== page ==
Survey respondents expected women who earned less than $20,000 a year to spend 32 percent more of their time in a bad mood than they expected people who earned more than $100,000 a year to spend in a bad mood. In actuality, respondents who earned less than $20,000 a year reported spending only 12 percent more of their time in a bad mood than those who earned more than $100,000. So the effect of income on mood was vastly exaggerated.
Samatha Power offers some thoughts on fixing American foreign policy, in Harvard Magazine.
Can American foreign policy be fixed? Whether the alarms are caused by our plummeting global standing, our deadly war in Iraq, our democratization efforts (which have produced outcomes we don’t like), or our often seemingly self-defeating efforts to curb terrorism, most Americans are now prepared to acknowledge that the United States is in trouble abroad. Because of our current strategic, financial, and reputational predicament, much of what follows sounds directed at the Bush administration. But it is essential that we acknowledge the degree to which this administration has exposed and exacerbated structural fis sures that were evident long before it took office. If the United States is to turn things around, it must identify the flaws in the conception and conduct of its foreign policy and fix what is fix able. Rather than leaving foreign policy to the “experts,” the rest of us must insist that our government play a role in the world that is more attentive to the values and long-term interests of its citizens.
Ken Silverstein in Harper’s magazine looks at Jeffrey Goldberg and the Iraq war.
Last week Jeffrey Goldberg, the Washington correspondent for the New Yorker, spoke at a panel session here that asked the burning question, “Can Liberals—and Only Liberals—Win the War on Terror?” Readers may recall that Goldberg was, in the year leading up to the war, a strong proponent of invading Iraq, and wrote a number of articles that echoed the administration’s arguments for toppling Saddam Hussein. That was no coincidence, since his reporting relied heavily on administration sources and war hawks (and in at least one crucial case, a fabricator).
Goldberg and his friends predicted that events would unfold smoothly in Iraq, and now that they haven’t, he wants to make sure that U.S. troops stay put and fight the war that he helped promote. The Democrats, he told the Washington panel, can regain power only by reaching out to their conservative wing (and to voters even further to the right who over the years have migrated from the party to the G.O.P.). He’s been interviewing members of this vital voting-bloc, he said, and he was able to report that they would “like to leave Iraq but they’d really like to win Iraq” and are looking for “a party and leadership” that can lead the way to victory.
Michael Wood in the London Review of Books.
In 1936 Freud wrote a letter to Romain Rolland, offering him a speculation about a particular memory as a 70th birthday gift. The memory concerned a trip Freud took to Athens with his brother, and his own ‘curious thought’ at the sight of the Acropolis: ‘So this all really does exist, just as we learned in school!’ Freud describes himself as two people, one making the comment and the other perceiving it:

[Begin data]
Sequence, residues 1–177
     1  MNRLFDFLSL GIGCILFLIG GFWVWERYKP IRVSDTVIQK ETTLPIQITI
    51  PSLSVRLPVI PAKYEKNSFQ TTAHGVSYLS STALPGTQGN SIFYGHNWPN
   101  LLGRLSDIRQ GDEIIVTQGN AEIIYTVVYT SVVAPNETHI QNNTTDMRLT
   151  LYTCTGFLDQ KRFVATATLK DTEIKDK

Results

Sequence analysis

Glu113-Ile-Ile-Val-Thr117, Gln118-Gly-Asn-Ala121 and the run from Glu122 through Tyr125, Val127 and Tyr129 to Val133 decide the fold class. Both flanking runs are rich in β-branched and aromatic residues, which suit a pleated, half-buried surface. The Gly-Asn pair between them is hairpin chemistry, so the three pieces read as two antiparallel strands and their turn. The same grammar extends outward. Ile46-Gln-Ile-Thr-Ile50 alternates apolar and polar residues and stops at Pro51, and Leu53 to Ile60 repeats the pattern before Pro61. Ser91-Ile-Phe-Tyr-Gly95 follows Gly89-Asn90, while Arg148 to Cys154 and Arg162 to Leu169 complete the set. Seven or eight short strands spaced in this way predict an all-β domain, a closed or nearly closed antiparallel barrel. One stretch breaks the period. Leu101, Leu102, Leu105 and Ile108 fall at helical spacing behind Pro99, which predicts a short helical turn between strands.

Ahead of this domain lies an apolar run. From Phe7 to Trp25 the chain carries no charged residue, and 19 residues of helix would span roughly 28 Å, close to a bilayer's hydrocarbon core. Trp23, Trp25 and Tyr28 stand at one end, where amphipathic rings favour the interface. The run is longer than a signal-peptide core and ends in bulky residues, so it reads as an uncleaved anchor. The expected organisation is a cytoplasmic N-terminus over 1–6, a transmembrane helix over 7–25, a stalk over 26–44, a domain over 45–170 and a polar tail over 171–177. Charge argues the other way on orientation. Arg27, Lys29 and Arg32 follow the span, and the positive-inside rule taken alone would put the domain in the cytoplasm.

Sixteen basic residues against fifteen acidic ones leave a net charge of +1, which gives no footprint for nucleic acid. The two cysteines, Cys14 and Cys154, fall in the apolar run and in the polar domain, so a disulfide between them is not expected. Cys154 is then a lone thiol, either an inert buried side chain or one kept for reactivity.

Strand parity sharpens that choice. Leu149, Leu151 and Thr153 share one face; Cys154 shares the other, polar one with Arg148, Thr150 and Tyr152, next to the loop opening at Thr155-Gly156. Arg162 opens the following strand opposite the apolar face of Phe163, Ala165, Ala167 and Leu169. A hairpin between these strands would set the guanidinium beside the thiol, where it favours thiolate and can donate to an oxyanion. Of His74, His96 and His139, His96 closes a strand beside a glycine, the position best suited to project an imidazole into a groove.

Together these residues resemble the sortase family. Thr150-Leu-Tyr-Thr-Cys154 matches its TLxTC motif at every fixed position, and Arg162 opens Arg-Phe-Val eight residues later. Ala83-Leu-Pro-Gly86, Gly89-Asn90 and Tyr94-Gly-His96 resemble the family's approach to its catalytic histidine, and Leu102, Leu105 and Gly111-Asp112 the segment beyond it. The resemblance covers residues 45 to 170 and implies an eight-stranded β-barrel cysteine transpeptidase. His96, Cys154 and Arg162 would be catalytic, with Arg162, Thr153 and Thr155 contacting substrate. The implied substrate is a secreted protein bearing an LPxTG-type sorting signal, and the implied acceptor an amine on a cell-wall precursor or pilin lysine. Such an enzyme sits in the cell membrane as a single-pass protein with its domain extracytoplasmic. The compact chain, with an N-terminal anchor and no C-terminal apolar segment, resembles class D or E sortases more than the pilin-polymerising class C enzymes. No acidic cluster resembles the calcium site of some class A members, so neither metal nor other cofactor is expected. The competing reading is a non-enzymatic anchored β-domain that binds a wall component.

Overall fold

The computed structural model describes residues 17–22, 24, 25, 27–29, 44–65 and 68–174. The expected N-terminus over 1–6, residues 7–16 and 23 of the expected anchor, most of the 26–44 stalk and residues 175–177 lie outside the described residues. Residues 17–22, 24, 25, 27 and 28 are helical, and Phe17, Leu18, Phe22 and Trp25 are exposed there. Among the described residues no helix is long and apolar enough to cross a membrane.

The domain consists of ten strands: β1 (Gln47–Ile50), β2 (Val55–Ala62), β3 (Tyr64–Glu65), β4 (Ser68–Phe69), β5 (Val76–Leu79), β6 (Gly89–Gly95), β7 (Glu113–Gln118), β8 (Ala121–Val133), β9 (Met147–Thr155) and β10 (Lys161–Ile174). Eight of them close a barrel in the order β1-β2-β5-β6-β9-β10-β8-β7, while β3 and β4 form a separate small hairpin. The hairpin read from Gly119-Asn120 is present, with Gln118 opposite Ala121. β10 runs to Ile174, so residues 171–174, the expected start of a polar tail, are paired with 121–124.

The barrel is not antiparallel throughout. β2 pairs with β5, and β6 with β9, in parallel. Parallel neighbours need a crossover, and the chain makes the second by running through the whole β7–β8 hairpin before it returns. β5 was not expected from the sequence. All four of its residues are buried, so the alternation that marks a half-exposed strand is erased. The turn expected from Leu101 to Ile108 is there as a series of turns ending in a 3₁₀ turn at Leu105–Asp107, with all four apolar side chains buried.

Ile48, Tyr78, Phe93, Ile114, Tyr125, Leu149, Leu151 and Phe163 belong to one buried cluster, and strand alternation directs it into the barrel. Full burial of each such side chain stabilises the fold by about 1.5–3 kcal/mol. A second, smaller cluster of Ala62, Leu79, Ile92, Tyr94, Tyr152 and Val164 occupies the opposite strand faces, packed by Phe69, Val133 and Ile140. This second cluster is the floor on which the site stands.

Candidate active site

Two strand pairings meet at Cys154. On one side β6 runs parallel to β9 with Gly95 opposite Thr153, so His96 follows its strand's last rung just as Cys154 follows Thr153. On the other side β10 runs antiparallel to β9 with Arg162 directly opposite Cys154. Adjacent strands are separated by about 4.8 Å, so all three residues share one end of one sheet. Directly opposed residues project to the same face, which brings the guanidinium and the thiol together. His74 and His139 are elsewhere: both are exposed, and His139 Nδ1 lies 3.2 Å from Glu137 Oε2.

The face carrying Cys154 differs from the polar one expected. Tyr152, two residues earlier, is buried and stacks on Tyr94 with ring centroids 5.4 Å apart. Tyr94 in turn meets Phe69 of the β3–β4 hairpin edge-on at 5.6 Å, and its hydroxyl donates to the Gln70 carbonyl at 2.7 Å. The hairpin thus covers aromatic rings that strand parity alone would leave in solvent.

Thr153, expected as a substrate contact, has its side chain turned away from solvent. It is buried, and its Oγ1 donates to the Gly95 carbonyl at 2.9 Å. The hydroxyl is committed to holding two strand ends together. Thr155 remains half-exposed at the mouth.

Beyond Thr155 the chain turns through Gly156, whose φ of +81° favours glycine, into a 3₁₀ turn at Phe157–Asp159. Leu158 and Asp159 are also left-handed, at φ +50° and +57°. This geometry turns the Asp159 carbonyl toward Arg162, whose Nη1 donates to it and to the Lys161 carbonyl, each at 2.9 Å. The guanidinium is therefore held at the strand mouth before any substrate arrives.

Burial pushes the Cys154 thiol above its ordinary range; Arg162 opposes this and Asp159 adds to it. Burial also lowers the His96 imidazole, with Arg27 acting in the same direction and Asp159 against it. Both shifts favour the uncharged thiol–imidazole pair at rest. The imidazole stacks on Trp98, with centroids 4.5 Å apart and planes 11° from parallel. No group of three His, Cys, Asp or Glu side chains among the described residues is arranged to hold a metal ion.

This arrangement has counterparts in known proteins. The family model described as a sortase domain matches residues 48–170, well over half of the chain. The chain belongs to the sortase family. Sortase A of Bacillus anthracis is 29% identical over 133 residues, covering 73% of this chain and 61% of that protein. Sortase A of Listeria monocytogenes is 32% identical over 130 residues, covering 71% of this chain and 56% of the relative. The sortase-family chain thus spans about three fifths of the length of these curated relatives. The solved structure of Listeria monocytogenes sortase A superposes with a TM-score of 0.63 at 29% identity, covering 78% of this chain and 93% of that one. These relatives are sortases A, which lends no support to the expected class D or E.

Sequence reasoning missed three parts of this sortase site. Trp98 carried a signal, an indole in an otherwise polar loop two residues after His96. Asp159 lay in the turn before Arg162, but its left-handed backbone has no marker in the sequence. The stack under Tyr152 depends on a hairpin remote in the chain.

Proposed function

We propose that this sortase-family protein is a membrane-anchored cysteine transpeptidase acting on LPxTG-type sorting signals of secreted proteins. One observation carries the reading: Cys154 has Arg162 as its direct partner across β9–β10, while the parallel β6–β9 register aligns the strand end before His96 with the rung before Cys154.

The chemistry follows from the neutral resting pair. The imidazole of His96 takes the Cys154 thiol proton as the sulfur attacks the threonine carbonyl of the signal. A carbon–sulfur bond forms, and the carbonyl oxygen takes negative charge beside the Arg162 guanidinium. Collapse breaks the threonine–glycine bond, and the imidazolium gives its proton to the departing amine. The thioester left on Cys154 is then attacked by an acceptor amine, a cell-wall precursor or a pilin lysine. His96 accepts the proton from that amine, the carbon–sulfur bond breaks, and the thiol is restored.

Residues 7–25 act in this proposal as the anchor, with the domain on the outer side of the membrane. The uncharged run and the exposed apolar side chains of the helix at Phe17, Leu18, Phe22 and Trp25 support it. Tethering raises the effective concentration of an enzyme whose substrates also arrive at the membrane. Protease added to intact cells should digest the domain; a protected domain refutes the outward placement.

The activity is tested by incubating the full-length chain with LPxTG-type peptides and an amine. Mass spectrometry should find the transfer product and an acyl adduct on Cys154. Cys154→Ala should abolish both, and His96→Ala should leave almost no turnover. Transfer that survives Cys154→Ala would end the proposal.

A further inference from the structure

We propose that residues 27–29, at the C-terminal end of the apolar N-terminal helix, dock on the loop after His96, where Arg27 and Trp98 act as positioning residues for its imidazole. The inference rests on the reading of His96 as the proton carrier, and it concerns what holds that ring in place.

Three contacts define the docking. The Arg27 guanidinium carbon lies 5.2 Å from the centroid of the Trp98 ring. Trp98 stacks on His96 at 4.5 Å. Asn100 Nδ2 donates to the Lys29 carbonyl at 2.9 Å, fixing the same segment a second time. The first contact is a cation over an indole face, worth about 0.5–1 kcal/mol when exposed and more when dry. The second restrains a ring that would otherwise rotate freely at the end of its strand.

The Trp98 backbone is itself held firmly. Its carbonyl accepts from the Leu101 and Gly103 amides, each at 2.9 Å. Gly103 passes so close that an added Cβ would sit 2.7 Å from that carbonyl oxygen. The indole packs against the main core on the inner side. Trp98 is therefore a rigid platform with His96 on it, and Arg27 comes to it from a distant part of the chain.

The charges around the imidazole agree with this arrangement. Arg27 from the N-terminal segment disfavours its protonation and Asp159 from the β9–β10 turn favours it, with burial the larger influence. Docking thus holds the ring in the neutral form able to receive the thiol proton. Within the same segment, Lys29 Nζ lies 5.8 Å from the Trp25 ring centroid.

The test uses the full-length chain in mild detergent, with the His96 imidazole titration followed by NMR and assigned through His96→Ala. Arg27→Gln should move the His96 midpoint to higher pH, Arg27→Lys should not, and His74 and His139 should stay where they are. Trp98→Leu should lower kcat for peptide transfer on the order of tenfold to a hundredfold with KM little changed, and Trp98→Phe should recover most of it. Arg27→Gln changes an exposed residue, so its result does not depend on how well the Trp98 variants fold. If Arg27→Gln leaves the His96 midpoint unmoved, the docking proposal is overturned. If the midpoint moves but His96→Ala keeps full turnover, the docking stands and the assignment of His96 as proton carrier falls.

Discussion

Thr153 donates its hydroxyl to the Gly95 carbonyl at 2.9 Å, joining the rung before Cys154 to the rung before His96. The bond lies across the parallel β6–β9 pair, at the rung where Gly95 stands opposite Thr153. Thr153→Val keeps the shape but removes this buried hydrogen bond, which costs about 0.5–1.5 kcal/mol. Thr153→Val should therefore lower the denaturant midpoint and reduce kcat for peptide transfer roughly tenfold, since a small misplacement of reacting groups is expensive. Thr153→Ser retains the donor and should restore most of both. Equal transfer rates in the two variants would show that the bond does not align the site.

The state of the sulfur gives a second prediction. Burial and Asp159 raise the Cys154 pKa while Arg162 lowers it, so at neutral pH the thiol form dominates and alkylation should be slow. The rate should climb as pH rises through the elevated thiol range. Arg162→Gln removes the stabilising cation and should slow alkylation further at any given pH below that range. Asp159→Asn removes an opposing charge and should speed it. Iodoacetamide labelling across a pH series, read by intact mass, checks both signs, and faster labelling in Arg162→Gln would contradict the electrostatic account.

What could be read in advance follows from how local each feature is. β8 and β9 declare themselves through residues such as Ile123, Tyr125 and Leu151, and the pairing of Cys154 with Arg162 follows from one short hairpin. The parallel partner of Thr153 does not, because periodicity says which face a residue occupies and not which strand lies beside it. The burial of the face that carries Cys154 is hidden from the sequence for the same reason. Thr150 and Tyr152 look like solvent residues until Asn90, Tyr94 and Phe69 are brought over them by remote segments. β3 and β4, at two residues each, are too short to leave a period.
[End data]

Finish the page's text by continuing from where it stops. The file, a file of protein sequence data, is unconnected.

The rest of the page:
and both were amazed, although not by the same thing. One of these persons behaved as though . . . he was obliged to believe in something the reality of which had until then seemed uncertain to him . . . But the other person was rightly surprised, because he had not known that the real existence of Athens, the Acropolis and this landscape had ever been a matter of doubt.
Perhaps, Freud says, he was just registering the difference between knowing about something and seeing it with one’s own eyes, but he thinks ‘that would be a strange way of dressing up an uninteresting commonplace,’ and quickly moves on to develop an argument suggesting that his reaction was a disguised expression of a continuing disbelief not in the Acropolis, but in his own chances of getting there. But why didn’t he say just that? Why was his disbelief ‘doubly displaced’, as he puts it, shifted into the past and ‘away from my relation to the Acropolis to the Acropolis’ very existence’? He didn’t actually doubt the existence of the Acropolis in the past and he couldn’t doubt it in the present, since he was there; but his unmistakable feeling was that ‘there was something dubious and unreal about the situation.’
From The Atlantic Monthly:
Youll Never Nanny in This Town Again by Suzanne Hansen.
I grew up in Berkeley in the 1960s and 1970s, and every housewife I knew had a once-a-week “cleaning lady,” the title itself an oxymoron that revealed perfectly the ambivalence the employers had about hiring help. The cleaning ladies were black; most wore uniforms, and all were the tolerant beneficiaries of an exaggerated white liberal guilt that lent itself to diatribes about the importance of integrating the schools, but not to relaxed standards concerning the proper way to wax and buff a hardwood floor.
Beyond that, my experience with hired help came from books and the movies, until I spent several years of my early adult life under the sway of a woman who had always had servants and who had been raised in a house full of them in the Deep South. She taught me how to treat the weekly cleaning person who came to my New Orleans shotgun house once a week: I was always to pay her, even if I was out of town and didn’t need her services (“Just because you don’t need her doesn’t mean she doesn’t need her check”); I was to be unconcerned and gracious about broken dishes or chipped candlesticks (“Whoever does the cleaning is going to do the breaking”); and I was to understand that it was the way of domestic workers to fall short of money, and the obligation of householders to get them out of scrapes. I came to appreciate that the various trials of the employee’s life were very much my business, that ours was inherently an association of unequals, and that decency demanded that I keep that uppermost in my mind and behave accordingly.
From The National Geographic: